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Cliff the Beagle sniffs out C. diff

By Salynn Boyles
WebMD UK Health News
Medically Reviewed by Dr Rob Hicks
69x75_bmj_cdiff_dog.jpg

14th December 2012 -- A two year old beagle named Cliff may hold the key to potentially preventing C. diff infection.

Researchers in the Netherlands taught Cliff to sniff out the intestinal bacteria Clostridium difficile (C. difficile or C. diff) in stool samples from infected patients and even from the patients themselves.

In 2011 there were 2,053 deaths involving C. diff in England and Wales.

C. diff is commonly spread in hospitals and long-term care homes, causing diarrhoea that can be mild to life-threatening.

The hope is that other dogs can be trained to identify the infection far faster than it is found through current tests, preventing potentially deadly outbreaks in these settings.

"This study proves the concept, but we have to confirm that this approach will be useful in the real-world setting," says researcher Dr Marije Bomers of the VU University Medical Centre in Amsterdam in the Netherlands.

bmj_cdiff_dog.jpg

Cliff on C. Diff patrol: Image BMJ

 

Dogs can smell better

Older adults who have been admitted to hospital and have recently had a course of antibiotics are most at risk of C. diff infections.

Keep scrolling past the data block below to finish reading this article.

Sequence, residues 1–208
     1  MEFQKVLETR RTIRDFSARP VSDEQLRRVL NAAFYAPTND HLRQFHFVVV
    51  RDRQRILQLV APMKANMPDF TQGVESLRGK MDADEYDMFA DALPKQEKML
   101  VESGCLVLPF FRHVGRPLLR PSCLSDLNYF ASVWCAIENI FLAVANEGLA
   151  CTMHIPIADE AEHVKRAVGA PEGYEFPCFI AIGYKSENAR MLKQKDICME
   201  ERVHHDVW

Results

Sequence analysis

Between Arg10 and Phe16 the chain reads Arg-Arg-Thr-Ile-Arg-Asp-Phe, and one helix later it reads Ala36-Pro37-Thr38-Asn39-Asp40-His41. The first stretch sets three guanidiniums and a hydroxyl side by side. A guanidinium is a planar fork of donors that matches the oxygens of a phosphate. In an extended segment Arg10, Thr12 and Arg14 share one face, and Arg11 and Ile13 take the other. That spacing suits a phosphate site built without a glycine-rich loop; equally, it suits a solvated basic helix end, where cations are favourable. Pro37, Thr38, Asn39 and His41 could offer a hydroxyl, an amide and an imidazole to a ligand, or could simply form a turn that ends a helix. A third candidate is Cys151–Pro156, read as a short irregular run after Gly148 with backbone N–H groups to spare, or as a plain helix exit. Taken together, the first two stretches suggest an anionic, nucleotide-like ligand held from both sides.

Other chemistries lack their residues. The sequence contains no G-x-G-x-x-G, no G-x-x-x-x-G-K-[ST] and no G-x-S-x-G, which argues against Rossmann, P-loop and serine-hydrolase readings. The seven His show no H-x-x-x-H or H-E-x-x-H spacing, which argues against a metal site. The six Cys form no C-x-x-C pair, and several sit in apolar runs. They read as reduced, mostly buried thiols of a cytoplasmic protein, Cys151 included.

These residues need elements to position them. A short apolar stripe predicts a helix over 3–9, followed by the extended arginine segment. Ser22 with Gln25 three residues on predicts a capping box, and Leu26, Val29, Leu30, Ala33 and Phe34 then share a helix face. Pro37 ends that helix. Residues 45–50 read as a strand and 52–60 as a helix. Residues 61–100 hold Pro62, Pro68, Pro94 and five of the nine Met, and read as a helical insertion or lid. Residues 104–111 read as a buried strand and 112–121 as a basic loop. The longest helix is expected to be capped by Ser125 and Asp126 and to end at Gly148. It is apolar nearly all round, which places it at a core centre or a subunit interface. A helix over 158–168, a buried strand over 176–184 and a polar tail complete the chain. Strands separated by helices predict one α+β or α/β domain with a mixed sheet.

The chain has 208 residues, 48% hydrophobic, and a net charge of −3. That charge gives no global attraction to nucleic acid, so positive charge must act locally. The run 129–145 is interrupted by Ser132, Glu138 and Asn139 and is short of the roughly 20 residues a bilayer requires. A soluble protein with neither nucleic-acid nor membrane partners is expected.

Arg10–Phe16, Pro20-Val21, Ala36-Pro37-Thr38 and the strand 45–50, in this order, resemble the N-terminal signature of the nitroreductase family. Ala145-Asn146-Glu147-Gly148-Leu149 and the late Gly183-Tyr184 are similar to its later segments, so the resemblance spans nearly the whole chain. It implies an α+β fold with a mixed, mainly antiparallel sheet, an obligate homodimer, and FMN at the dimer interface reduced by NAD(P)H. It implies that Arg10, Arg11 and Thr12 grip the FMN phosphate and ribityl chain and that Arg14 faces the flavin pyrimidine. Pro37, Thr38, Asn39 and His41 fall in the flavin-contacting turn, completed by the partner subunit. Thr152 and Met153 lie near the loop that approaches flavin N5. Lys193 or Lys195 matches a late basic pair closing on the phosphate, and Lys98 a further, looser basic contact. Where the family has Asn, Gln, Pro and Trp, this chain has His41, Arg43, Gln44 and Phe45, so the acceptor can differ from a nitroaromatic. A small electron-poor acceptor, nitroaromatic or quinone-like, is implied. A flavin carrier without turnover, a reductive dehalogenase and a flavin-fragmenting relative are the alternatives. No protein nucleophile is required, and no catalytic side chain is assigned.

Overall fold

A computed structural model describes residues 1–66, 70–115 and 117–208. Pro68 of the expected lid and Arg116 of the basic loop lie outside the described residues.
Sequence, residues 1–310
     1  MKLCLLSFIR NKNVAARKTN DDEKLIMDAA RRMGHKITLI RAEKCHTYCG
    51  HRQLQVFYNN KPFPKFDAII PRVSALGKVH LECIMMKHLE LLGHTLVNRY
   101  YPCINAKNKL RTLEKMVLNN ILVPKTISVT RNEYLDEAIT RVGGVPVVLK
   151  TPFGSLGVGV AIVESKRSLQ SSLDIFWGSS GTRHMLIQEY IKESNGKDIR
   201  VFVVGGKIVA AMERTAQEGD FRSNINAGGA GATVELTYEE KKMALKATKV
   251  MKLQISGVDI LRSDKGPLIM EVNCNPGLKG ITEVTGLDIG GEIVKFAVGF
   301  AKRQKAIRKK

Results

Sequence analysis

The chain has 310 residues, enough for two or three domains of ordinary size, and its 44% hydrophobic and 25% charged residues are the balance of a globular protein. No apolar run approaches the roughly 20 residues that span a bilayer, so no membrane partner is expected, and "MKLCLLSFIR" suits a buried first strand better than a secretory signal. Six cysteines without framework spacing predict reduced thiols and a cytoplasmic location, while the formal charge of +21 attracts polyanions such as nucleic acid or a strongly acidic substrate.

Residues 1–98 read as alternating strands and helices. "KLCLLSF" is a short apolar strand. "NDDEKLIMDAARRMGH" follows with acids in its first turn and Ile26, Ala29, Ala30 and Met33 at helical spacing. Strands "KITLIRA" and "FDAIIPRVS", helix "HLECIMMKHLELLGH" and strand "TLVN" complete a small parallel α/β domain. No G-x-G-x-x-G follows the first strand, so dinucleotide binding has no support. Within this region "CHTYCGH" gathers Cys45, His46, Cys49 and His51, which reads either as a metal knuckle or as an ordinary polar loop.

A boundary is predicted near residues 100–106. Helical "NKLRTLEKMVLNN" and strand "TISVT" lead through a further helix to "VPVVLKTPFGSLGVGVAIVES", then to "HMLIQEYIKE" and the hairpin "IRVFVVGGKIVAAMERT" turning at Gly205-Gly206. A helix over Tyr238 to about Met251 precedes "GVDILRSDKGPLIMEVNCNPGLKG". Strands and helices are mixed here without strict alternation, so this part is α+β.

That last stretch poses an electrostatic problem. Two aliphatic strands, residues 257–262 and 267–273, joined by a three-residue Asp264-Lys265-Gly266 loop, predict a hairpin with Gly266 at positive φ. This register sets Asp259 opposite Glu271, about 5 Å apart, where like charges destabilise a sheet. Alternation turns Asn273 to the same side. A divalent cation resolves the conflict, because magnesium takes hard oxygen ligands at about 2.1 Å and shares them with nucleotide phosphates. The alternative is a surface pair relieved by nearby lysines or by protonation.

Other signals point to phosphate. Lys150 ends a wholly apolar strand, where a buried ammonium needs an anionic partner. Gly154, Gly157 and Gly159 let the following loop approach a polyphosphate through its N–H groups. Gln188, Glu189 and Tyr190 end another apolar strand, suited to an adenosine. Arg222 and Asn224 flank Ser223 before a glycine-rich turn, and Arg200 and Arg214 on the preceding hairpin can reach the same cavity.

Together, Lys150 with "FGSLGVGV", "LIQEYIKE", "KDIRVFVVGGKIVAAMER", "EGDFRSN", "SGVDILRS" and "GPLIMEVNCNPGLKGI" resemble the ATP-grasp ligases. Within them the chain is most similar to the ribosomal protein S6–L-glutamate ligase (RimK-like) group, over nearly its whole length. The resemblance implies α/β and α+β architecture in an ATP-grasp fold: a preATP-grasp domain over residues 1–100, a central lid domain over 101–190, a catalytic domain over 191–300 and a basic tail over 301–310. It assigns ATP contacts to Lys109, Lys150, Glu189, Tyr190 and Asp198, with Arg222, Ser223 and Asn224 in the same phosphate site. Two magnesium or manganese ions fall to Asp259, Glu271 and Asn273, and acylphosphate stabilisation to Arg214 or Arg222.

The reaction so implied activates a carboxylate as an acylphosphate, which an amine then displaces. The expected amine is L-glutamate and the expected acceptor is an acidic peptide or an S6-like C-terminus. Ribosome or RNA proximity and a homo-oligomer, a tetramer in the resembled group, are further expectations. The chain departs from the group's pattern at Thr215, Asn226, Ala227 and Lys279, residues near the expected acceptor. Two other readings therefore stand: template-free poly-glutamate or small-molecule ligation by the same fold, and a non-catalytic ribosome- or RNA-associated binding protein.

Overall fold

Early detection can prevent the spread in hospitals and other care centres, but current tests can take anywhere from two days to up to a week to confirm infection, Dr Bomers says.

She says the idea for the study came from the observation that the diarrhoea of patients with C. diff infections has a particular smell that she and her colleagues could sometimes detect.

It occurred to them that if humans could smell the infection some of the time, then dogs, with their superior sense of smell, should be able to smell it all the time.

To test the theory, they enlisted psychologist and dog trainer Hotsche Luik, who is also Cliff's owner.

Over two months, the beagle was taught to identify the C. diff toxin in smaller and smaller quantities and in different samples, including human stool.

During one test, he correctly identified 50 of 50 C. diff positive stool samples and 47 of 50 negative samples.

In a separate test, he was taken to two hospital wards to examine his ability to sniff out the infection in patients.

He correctly identified C. diff in 25 of 30 infected patients. He also identified no infection in 265 of 270 non-infected patients.

He completed this task in one of the wards in less than 10 minutes.

New type of 'pet scan'

The researchers write in the BMJ that highly trained dogs like Cliff may one day patrol hospital wards to seek out C. diff infection.

However, experts say large hospitals may hold too many distractions for a superbug sniffing dog.

Detecting superbugs is just one of many medical uses for a dog's nose being researched. Dogs are being trained to detect prostate and bowel cancers.

Diabetic Hypo Alert Dogs are trained to detect both hypoglycaemia and hyperglycaemia. They can warn their owners by licking or pawing them, even before symptoms arise.

 

Additional UK reporting by Tim Locke

Published on December 14, 2012

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